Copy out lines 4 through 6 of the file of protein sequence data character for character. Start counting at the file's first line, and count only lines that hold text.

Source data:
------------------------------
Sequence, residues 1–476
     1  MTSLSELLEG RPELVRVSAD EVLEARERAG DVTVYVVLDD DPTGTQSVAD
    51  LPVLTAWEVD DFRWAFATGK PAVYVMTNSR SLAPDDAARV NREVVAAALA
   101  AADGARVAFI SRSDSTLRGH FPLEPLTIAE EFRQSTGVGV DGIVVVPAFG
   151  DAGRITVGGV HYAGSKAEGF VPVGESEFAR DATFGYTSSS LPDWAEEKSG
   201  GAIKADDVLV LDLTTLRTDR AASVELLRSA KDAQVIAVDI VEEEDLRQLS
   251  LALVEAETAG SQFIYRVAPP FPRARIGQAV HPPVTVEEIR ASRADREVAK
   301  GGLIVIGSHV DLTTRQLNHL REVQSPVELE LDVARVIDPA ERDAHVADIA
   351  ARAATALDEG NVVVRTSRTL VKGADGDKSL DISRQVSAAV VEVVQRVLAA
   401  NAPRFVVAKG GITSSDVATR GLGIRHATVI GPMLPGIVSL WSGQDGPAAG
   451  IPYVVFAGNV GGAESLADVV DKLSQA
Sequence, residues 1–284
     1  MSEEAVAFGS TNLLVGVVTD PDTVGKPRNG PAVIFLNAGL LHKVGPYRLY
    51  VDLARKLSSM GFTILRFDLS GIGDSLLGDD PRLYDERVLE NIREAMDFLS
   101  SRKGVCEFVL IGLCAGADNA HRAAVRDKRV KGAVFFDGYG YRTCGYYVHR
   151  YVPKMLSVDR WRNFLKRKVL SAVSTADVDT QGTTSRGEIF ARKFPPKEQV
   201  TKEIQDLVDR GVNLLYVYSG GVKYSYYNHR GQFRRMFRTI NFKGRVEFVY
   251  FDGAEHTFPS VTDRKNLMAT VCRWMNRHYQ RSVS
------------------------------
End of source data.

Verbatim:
   101  AADGARVAFI SRSDSTLRGH FPLEPLTIAE EFRQSTGVGV DGIVVVPAFG
   151  DAGRITVGGV HYAGSKAEGF VPVGESEFAR DATFGYTSSS LPDWAEEKSG
   201  GAIKADDVLV LDLTTLRTDR AASVELLRSA KDAQVIAVDI VEEEDLRQLS